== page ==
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Criticism that misses the point

DarkStarling

Brilliantly Crazed
Validated User
A philosophy student actually explained to me the other day that reasoning about the limits of reasoning can only be flawed. For if you accept that reasoning can have a limit, your own understanding of that limit will always be limited by your own thesis.

We should also note that most of the bottlenecks of science aren't about not being smart enough to understand things. But about getting good enough data to build and test models. It's more my personal pet peeve, but nerds tend to place way too much emphasis on being smart.
One of my pet peeves too. People who get all hung up on intelligence and afraid of super-AI haven't spent enough time around 3 year olds.

Like yeah, being smart is useful. But it's not an instant win button and there's a serious issue of diminishing returns. And that's even disregarding group problem solving and collective intelligence of well structured organizations and societies.
 

Logos Invictus

Registered User
Validated User
I love Person of Interest intensely, but it sure has a thing for treating shooting people in the knee/leg as:
- nonlethal; and
- instantly disabling.

I mean, our heroes still do kill a lot of people, that's not hidden too much. But they do ride on the knee shooting thing a lot. I'd love to be a reconstructive surgeon or physiotherapist in NYC while Team Machine was operating. You'd be able to buy at least two sports cars.
With this and a lot of criticisms in this thread, I think there is apoint to be made that in many cases we are dealing with characters that are textually, or at least implicitly, superhuman. In Person of Interest, the character whose trademark is aiming for the knee is also the character shown in the early episodes to be able to disable dozens of people with his bare hands and stop a sedan with a sniper rifle from 500 yards away, speaks almost every language spoken and can pretty much appear and disappear at will. Even knowing that shots to the knee can be fatal and may not be debilitating, I feel like its one of those times where you just have to concede that the fact that he can do it is a demonstration of his supernatural competence.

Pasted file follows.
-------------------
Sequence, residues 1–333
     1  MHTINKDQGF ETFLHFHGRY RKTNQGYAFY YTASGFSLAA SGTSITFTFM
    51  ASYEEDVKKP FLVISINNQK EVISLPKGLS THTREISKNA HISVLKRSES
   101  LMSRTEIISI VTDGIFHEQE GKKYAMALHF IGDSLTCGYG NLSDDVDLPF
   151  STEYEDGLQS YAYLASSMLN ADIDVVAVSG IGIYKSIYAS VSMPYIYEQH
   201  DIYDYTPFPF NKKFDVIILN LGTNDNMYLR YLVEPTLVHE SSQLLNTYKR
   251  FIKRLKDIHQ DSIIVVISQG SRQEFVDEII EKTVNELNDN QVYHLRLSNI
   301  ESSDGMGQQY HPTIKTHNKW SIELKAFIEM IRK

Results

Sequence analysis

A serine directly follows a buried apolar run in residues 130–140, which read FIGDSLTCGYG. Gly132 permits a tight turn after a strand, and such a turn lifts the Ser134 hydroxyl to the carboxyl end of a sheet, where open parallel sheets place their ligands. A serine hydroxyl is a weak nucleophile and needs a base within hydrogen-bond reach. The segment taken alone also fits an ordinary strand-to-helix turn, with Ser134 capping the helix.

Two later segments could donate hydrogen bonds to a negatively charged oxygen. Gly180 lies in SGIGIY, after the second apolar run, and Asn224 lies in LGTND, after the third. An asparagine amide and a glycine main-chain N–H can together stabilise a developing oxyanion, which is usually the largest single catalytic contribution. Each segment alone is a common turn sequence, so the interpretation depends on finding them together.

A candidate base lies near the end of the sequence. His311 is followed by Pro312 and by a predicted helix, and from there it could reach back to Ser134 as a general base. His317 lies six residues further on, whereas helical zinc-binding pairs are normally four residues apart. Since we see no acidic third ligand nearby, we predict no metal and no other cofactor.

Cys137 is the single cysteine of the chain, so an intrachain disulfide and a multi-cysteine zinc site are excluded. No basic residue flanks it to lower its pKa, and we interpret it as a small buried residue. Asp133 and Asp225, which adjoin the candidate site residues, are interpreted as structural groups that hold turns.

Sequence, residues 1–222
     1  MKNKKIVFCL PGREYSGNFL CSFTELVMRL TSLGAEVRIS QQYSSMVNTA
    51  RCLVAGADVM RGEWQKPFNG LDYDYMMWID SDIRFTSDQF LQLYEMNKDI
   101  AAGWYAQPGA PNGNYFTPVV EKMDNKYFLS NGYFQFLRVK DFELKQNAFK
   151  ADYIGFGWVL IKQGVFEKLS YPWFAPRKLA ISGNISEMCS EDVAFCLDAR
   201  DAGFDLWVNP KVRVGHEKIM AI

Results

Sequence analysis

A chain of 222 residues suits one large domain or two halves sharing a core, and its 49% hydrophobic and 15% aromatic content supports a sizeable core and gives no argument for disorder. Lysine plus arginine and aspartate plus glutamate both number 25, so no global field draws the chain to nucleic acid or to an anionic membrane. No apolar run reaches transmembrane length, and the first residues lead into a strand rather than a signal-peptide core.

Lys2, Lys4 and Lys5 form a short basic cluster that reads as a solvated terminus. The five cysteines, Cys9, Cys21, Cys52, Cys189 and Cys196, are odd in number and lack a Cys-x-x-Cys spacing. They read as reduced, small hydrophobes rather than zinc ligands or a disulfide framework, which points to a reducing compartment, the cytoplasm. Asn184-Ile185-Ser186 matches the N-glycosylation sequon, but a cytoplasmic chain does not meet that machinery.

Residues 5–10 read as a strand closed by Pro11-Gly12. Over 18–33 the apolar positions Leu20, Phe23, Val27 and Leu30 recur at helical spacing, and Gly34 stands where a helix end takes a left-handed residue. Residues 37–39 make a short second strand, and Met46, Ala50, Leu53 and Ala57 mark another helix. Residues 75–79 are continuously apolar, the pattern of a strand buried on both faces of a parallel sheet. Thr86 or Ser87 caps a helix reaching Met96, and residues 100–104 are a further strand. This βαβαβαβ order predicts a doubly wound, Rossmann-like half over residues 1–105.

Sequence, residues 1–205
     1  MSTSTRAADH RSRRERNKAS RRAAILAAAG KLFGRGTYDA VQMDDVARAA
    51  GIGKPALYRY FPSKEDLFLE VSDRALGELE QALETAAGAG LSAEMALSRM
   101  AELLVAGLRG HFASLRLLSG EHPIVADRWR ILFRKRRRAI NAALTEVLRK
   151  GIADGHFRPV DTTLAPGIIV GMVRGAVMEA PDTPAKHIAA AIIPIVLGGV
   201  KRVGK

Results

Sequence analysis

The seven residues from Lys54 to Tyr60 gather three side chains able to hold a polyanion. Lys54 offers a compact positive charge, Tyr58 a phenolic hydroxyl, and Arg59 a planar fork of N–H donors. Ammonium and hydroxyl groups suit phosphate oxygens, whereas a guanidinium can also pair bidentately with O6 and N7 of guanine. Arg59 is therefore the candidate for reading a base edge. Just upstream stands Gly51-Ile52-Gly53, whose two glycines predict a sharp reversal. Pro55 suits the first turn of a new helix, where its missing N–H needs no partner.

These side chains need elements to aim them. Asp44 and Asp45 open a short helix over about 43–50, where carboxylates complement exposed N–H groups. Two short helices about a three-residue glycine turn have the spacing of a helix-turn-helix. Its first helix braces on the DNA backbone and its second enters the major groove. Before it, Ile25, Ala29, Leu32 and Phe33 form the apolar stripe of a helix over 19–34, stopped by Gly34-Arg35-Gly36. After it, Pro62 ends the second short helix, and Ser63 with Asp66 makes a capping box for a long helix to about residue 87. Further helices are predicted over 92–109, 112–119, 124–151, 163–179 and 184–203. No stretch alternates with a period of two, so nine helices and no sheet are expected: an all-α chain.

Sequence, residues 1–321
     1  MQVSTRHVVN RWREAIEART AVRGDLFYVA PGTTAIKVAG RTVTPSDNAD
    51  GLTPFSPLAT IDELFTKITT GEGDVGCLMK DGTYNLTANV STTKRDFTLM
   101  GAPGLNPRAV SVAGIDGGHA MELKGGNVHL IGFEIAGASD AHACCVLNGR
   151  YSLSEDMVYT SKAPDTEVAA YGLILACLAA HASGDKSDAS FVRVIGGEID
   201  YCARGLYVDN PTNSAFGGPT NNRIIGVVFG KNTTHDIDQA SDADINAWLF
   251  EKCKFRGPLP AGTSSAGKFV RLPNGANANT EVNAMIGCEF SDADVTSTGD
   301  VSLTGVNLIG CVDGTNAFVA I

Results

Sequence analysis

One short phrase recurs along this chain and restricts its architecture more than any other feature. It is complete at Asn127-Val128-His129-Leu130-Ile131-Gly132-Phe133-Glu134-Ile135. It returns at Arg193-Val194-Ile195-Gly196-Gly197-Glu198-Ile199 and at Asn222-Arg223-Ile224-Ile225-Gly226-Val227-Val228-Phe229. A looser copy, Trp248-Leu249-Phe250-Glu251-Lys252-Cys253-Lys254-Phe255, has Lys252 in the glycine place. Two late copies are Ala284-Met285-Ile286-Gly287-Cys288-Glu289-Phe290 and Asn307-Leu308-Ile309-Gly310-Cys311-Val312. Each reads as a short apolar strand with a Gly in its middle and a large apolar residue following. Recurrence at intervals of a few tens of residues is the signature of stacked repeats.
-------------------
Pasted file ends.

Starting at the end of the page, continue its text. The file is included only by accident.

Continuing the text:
Boris

I am invincible?
Validated User
With this and a lot of criticisms in this thread, I think there is apoint to be made that in many cases we are dealing with characters that are textually, or at least implicitly, superhuman. In Person of Interest, the character whose trademark is aiming for the knee is also the character shown in the early episodes to be able to disable dozens of people with his bare hands and stop a sedan with a sniper rifle from 500 yards away, speaks almost every language spoken and can pretty much appear and disappear at will. Even knowing that shots to the knee can be fatal and may not be debilitating, I feel like its one of those times where you just have to concede that the fact that he can do it is a demonstration of his supernatural competence.
I agree, my mentioning PoI was more of an example for the Daredevil/Batman/Supers not killing people discussion from earlier than it was a criticism.